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Non-UFC Divisional Roundup: The Heavyweights

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Todd Duffee's surprising release from the UFC puts the promising young fighter in with an interesting mix of non-UFC prospects.  (Photo by Jon Kopaloff/Getty Images)
Todd Duffee's surprising release from the UFC puts the promising young fighter in with an interesting mix of non-UFC prospects. (Photo by Jon Kopaloff/Getty Images)
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Last week our own Matt Bishop concluded his look at the talent throughout the UFC's divisions. This week we evaluate the talent, division-by-division, outside of the UFC. Look for new installments throughout the week.

For most of the past decade, the best talent in MMA's heavyweight division was largely outside of the UFC. With PRIDE's collapse in 2007, however, a reshuffling of the deck saw the UFC in a strengthened position with Antonio Rodrigo Noguiera, Mirko Cro Cop, Fabricio Werdum, and Heath Herring all arriving on the scene in North America. In subsequent years, the UFC had Brock Lesnar storm the division with Frank Mir and Shane Carwin in tow, and a bevy of other gatekeepers and prospects thrown in.

As 2011 approaches, however, it's becoming clear that Strikeforce has quietly assembled a solid stable of heavyweights. If Scott Coker can actually produce matchups among his fighters, the preeminence of the UFC Heavyweight Division might by called into question.

Here's how the non-UFC heavyweight talent stacks up.

The Known Commodities:
For years, it was all about Fedor Emelianenko, who has never really come close to joining the UFC. For a decade he was the sport's top fighter and heavyweight and even now, after being submitted by Fabricio Werdum, is a top-5 fighter. Strikeforce is home to Fedor and his vanquisher Werdum, as well as a slew of PRIDE holdovers like Josh Barnett and Sergei Kharitonov. Barnett likely has more relevance left than Kharitonov, but he hasn't fought a decent heavyweight in 2 years. Andrei Arlovski is also around, but his string of bad losses has rendered him nothing more than a "name" fighter. Tim Sylvia is roaming the wilderness and probably would be a contender in either Strikeforce or the UFC right now if he hadn't ran into Ray Mercer's fist last year.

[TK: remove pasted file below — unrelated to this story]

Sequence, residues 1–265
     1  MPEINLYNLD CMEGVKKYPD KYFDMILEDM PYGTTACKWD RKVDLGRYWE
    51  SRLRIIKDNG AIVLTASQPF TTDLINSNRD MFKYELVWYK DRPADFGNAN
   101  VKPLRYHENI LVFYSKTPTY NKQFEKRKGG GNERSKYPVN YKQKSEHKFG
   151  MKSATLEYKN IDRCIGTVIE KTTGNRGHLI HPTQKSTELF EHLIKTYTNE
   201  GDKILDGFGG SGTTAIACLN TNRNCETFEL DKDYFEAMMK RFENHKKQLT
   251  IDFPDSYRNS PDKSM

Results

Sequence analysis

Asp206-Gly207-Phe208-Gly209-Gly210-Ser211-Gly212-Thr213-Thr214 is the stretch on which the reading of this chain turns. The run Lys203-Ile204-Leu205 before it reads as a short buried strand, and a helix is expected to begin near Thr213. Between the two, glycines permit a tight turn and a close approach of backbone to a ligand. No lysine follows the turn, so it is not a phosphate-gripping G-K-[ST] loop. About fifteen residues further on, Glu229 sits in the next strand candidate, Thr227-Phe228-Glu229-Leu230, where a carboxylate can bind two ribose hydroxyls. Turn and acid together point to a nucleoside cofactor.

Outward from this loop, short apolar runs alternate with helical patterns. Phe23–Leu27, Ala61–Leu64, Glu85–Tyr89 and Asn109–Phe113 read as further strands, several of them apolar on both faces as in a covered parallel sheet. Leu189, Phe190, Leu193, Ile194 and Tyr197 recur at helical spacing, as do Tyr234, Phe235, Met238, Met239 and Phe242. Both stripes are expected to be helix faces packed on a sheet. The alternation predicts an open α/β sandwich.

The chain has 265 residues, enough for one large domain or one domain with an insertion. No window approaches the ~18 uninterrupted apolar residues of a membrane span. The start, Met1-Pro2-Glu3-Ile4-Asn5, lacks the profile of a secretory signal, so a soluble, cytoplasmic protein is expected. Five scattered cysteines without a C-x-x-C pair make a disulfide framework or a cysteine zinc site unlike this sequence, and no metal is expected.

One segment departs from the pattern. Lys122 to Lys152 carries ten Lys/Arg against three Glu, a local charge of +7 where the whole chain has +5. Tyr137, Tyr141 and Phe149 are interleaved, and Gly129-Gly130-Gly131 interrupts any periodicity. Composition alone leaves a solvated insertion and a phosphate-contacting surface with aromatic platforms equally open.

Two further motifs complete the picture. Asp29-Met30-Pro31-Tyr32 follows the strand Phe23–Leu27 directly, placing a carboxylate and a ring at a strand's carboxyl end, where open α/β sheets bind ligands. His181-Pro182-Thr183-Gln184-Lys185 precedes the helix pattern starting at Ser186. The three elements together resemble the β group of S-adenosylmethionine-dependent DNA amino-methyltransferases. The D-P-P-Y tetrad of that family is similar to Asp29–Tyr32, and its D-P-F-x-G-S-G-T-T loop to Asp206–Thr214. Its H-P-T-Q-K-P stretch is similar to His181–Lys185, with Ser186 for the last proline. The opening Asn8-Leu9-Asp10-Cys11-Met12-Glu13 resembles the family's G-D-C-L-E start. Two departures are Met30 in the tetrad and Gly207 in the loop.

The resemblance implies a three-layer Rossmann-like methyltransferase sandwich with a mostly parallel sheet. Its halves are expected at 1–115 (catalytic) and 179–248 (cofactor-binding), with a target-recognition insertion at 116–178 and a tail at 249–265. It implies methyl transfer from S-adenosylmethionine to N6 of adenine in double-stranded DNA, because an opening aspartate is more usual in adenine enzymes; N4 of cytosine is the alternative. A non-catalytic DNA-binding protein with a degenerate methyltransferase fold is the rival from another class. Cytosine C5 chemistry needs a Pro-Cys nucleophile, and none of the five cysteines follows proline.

Antonio Silva has quickly risen in the division and is probably the next contender to Strikeforce's champ Alistair Overeem. I may be getting ahead of myself, but I think Overeem is perhaps the most dangerous fighter in the division. He's a more-than-competent grappler but in recent years has bulked up and developed into the greatest striker the division has ever seen. He is a K-1 Grand Prix winner who toyed with Brett Rogers earlier this year, the same Brett Rogers who knocked out top-10 Arlovski and acquitted himself quite well against Fedor. If Overeem commits to defending his Strikeforce championship in 2011, and all signs suggest he will, then look out.

The Fresh Faces:
There is, perhaps, a definitive advantage for the collection of non-UFC heavyweights in regard to up-and-comers. After being surprisingly cut from the UFC, Todd Duffee joined a relative shark-tank among the younger end of the heavyweight talent pool. Strikeforce has both of the division's finest prospects with the brutal striker Shane del Rosario and the powerful wrestler Daniel Cormier ascending the ranks.

Japanese-based Satoshi Ishii is extremely inexperienced but was one of MMA's hottest free agents just last year before having ever competed in the sport. He was thrown in the deepwater in his first bout, against grizzled veteran Hidehiko Yoshida, but has since reeled off consecutive victories against overmatched opponents (including Minowaman). The Olympic gold medalist judoka could develop into a more dynamic version of his predecessor Yoshida, who wasn't a shabby fighter in his own prime. Also making waves with a few fights is NCAA wrestling champion Cole Konrad, who is the same sort of immovable wall he was during his collegiate days. If Konrad can develop moderate striking or a decent submission game, the Bellator champion could be more than a handful for any fighter at heavyweight.

In our next installment, we look at light-heavyweight.